One month after Hurricane Maria hit Puerto Rico, too many are still waiting to receive aid and are relying on emergency supplies to survive.
Local organizations have stepped up with innovative responses, but aid has been slow to arrive and reach those in need, leaving too many still caught in a day-to-day crisis.
Less than half of the population has access to clean drinking water and aren’t able to boil water or cook without electricity, and without permanent shelter or tarps, many are forced to sleep on wet mattresses exposed to the ongoing heavy rains and other health hazards like rats and mold. This lack of aid and coordination makes life a daily struggle. Supplies like tarps, water filters, and chlorine could fix these immediate threats, but many still do not have these essentials. Vulnerable people in hard to reach and poor communities, and populations like the elderly, families with young children or those with special needs are running out of options.
“One month on from Hurricane Maria, too many Puerto Ricans are still relying on emergency aid for basic needs, and for many communities, self-sufficiency isn’t even on the horizon. At this stage in the humanitarian response, these conditions are unacceptable and we need to see a more robust and efficient response from the US government now,” said Shannon Scribner, Oxfam’s Acting Director for Humanitarian Programs & Policy.
“We need to be moving beyond providing emergency supplies like warm meals and bottled water to solutions like water filters and generators to stabilize communities while longer term recovery takes place,” Scribner continued. “Despite the work of first responders, this response is behind where it should be, and the people of Puerto Rico are paying the price.”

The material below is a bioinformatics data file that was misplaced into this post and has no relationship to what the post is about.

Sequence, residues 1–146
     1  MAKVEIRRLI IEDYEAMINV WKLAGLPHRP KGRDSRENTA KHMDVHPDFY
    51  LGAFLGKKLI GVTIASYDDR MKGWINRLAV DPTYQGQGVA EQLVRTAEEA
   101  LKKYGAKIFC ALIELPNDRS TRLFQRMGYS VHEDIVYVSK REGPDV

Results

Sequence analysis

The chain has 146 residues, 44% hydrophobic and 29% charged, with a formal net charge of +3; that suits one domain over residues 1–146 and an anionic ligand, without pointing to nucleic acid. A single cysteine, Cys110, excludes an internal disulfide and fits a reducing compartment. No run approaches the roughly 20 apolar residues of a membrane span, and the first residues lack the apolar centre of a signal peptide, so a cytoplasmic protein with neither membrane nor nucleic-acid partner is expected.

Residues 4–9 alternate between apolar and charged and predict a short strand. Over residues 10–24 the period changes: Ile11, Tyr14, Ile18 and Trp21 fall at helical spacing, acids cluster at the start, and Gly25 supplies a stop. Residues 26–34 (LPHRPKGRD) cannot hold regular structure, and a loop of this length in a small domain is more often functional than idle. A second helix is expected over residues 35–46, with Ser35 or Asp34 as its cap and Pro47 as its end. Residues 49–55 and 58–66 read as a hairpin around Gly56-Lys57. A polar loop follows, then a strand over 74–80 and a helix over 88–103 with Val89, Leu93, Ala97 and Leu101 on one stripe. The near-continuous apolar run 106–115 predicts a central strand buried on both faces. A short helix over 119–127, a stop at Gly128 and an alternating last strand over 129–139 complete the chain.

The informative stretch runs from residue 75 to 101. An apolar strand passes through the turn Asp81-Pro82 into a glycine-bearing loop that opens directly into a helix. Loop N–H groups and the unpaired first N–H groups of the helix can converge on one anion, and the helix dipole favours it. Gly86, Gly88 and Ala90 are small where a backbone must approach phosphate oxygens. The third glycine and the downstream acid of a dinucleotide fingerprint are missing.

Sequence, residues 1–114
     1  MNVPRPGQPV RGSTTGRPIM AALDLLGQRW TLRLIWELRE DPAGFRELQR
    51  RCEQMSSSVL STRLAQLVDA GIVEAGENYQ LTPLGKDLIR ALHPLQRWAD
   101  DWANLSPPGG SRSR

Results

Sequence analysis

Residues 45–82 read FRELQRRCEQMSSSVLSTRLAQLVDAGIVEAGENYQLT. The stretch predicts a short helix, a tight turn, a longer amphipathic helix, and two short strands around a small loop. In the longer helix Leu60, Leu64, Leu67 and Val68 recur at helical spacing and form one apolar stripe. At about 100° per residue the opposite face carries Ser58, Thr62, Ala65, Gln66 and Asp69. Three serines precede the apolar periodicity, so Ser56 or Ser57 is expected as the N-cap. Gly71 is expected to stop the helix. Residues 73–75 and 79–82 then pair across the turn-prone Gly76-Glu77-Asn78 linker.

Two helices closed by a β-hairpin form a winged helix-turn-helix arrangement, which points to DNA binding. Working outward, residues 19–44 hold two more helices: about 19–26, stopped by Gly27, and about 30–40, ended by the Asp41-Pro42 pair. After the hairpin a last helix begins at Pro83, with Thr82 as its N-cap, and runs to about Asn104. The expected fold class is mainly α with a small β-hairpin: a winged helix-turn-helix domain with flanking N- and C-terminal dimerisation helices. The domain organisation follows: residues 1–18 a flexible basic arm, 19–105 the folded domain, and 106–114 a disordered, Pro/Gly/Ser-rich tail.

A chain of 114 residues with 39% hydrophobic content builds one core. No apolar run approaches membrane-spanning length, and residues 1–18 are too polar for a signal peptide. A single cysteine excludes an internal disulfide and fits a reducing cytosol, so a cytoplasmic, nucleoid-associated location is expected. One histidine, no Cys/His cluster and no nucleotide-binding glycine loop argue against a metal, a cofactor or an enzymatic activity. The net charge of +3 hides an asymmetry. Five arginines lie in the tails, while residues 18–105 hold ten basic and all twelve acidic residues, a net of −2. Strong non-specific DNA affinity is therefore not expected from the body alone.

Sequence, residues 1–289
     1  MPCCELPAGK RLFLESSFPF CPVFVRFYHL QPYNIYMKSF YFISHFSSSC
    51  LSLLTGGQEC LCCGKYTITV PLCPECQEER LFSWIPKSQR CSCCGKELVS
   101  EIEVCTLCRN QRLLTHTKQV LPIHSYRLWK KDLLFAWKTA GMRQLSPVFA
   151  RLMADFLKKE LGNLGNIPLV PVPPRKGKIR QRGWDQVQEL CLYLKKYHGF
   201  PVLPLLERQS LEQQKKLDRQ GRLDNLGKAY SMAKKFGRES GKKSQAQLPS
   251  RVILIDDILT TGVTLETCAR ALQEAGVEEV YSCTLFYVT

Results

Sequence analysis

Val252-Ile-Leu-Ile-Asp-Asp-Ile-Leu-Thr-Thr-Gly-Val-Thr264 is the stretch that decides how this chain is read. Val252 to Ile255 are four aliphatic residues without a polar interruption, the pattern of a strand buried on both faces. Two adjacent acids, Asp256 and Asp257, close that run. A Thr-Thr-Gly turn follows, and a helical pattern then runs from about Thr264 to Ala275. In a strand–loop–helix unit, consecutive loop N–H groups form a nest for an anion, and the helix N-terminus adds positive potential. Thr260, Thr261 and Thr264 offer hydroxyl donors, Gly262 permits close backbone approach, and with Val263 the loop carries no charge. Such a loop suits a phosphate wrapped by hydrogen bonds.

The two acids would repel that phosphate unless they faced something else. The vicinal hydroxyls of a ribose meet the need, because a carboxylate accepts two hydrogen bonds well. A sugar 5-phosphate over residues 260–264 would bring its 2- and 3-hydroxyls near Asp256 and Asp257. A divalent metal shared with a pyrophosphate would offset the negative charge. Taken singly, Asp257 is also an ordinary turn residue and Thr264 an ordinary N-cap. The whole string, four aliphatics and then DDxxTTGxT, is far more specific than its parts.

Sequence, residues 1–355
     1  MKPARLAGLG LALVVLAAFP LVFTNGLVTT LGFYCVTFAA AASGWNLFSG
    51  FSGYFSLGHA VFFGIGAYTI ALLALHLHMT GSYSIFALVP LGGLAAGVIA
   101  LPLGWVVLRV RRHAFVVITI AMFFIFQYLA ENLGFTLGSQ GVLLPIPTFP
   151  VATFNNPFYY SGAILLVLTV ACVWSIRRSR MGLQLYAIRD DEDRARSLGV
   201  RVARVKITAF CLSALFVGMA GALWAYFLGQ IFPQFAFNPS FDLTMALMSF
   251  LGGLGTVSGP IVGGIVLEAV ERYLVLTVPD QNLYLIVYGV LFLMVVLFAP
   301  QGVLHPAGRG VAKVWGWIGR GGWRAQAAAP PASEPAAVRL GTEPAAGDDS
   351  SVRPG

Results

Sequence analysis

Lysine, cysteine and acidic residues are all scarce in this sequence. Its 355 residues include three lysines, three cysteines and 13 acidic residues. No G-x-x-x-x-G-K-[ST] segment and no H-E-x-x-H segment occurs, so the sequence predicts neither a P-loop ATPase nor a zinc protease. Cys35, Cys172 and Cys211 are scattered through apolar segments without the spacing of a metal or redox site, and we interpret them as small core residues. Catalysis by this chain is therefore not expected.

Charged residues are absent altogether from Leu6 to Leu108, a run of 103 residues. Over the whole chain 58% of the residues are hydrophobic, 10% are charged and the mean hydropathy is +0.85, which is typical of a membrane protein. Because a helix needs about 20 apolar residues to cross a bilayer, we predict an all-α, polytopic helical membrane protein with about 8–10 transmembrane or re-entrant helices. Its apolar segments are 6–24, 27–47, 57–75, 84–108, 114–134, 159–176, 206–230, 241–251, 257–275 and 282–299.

In early October, Oxfam made the decision to respond in Puerto Rico through local organizations, who were already engaged in getting vital aid to their communities. Without existing operations or partners in Puerto Rico, we assessed where our technical experience in humanitarian emergencies could best support the work led by local organizations and are continuing to identify opportunities to build out this work and reach the most vulnerable populations. Oxfam has already established our first two partnerships with local groups – one is to support the Mayor of San Juan’s office to provide vulnerable households with butane stoves to boil drinking water and cook, in addition to other emergency supplies. The second is with the Foundation for Puerto Rico, which is providing water filters, food, diapers, batteries and other products for the elderly, as well as cash for individuals to purchase other vital items like medicine.
Alex Borschow, Foundation for Puerto Rico board member said, “Foundation for Puerto Rico staff are working around the clock to respond to the urgent needs of our communities and we are discouraged by the conditions we’re witnessing at this point. We need more supplies, resources and coordination now to bolster the efforts of local groups and so Puerto Ricans feel they are getting the support they need and deserve.”
In addition to funding these local partnerships in Puerto Rico, Oxfam has been urging the U.S. government to fully fund the response and recovery, to waive burdensome cost-sharing obligations and other barriers to disaster relief, to provide debt relief to Puerto Rico, and to prioritize a locally-led response that reaches the most vulnerable people.
Without reliable water supply, electricity, phone service and other basic amenities, life in Puerto Rico is untenable, and mounting a humanitarian response is difficult. But, the United States has the resources and experience to overcome these obstacles to save lives now and to build the long-term sustainability of Puerto Rico. Oxfam is calling on our President, Members of Congress and leaders of the federal relief operations to step up and show the same generosity, commitment and ingenuity that the people of Puerto Rico and many others on the ground are showing every day.